September 27, 2018

Episode 149: Imaging the Final Frontier

REPEAT: Astronomer Tod Lauer explains how the process for data imaging has made major technological advances.

AZSCI Imaging Final Frontier Andromeda Galaxy Double-Nucleus, Painting by Adolf Schaller based on Hubble Space Telescope observations by Tod Lauer. (PHOTO: NASA / A. Schaller)

Arizona Science

Major advances in deep-space imaging

NPR
Episode 149 (Repeat): University of Arizona astronomer Tod Lauer

Astronomer Tod Lauer is on the research staff for the National Optical Astronomy Observatory and is considered to be an expert in processing data images from space missions. Dr. Lauer has worked on the Hubble Telescope and has conducted observational searches for black hole. He joined NASA’s New Horizon Mission of Pluto to apply his extensive experience with deep-space images to the New Horizon’s data yielding significantly clearer and mathematically accurate images of Pluto. Lauer explains that the process for data imaging has made major technological advances since the early 1980’s. An asteroid, 3135 Lauer was named in his honor in 1981.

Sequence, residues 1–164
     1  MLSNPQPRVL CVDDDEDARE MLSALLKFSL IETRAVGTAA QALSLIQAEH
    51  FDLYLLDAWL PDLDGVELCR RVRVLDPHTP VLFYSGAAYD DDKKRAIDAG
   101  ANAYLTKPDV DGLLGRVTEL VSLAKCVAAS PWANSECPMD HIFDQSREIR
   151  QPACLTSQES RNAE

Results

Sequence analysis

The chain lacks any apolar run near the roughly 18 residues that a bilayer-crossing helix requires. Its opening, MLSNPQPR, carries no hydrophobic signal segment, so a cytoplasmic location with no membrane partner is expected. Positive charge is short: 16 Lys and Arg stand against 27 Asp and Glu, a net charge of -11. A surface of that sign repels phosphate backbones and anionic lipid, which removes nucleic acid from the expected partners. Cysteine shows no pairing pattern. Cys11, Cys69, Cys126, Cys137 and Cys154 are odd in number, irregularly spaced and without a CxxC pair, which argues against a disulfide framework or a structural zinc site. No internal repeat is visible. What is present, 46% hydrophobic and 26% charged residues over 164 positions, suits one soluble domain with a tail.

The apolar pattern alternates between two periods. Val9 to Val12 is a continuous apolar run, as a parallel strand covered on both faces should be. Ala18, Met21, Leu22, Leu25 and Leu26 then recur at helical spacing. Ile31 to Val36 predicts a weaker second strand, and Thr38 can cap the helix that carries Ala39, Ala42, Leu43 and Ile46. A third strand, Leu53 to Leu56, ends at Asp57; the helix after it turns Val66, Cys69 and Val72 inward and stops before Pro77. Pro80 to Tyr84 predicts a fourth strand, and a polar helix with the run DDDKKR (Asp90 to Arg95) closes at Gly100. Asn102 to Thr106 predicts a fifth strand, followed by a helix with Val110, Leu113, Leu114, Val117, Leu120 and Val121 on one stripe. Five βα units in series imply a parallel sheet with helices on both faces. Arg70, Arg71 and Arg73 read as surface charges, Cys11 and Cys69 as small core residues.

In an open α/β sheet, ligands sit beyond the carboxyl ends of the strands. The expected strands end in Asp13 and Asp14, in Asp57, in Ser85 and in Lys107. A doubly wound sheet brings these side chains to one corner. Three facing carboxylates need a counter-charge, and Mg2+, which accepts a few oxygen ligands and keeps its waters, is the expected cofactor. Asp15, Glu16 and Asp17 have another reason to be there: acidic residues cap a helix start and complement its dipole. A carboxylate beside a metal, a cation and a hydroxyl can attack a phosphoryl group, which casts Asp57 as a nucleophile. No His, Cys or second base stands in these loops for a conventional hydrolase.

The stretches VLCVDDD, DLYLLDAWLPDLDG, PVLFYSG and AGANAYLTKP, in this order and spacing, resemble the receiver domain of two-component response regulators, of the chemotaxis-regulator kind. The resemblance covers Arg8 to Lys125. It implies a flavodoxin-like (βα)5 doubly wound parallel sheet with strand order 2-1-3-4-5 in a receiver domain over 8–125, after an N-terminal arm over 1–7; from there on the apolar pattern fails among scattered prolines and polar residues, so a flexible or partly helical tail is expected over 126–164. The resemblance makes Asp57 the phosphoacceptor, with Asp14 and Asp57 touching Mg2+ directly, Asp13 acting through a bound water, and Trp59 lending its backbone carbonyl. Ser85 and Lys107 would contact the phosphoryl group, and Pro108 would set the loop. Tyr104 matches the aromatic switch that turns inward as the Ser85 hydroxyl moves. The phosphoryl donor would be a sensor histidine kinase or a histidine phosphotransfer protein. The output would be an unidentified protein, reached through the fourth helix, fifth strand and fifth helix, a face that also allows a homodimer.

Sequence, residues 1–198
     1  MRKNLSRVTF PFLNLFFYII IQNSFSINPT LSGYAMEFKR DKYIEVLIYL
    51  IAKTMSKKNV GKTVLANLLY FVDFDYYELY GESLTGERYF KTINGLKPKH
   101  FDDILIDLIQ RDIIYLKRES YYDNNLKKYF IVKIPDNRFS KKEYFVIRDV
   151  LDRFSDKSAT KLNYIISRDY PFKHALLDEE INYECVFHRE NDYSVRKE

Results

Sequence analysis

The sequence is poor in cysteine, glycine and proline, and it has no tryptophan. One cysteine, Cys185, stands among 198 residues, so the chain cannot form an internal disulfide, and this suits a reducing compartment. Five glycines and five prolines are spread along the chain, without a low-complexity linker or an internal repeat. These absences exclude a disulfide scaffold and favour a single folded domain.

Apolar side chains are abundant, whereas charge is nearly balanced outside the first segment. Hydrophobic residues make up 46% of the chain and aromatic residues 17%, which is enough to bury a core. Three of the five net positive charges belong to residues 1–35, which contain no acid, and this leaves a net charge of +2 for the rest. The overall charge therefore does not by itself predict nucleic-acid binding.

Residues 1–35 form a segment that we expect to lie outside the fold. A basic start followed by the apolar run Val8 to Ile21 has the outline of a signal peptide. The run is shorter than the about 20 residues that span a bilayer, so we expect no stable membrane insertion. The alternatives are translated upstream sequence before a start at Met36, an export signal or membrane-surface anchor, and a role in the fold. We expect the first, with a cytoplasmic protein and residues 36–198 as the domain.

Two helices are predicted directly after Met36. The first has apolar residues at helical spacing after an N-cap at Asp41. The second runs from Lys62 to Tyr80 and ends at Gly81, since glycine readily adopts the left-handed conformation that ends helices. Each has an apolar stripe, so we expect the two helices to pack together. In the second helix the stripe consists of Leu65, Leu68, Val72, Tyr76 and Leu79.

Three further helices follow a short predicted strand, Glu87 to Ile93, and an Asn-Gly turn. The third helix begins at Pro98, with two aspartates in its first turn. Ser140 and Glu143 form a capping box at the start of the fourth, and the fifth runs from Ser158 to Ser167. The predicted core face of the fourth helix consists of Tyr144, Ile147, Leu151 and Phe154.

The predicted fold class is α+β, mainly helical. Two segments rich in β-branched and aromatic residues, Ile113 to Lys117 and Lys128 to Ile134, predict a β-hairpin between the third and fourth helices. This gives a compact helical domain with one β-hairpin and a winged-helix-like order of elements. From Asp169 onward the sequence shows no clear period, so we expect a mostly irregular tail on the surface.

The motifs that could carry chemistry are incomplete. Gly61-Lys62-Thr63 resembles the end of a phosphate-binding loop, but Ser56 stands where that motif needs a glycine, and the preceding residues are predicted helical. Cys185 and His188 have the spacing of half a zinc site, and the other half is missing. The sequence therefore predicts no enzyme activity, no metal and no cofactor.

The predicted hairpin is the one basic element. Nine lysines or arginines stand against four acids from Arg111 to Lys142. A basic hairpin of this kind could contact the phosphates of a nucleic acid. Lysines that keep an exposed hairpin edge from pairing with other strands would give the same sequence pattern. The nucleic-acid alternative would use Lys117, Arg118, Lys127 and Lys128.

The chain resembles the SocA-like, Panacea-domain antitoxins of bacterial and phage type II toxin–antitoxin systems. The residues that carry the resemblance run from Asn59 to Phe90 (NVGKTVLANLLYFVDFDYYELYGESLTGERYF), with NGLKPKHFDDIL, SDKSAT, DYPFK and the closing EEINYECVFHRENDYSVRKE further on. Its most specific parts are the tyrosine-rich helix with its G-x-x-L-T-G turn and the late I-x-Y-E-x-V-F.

In this episode:

Tod Lauer, UA Astronomer and staff member at the National Optical Astronomy Observatory
Tim Swindle, Ph.D., Director and Head of the UA’s Lunar and Planetary Lab

Arizona Science
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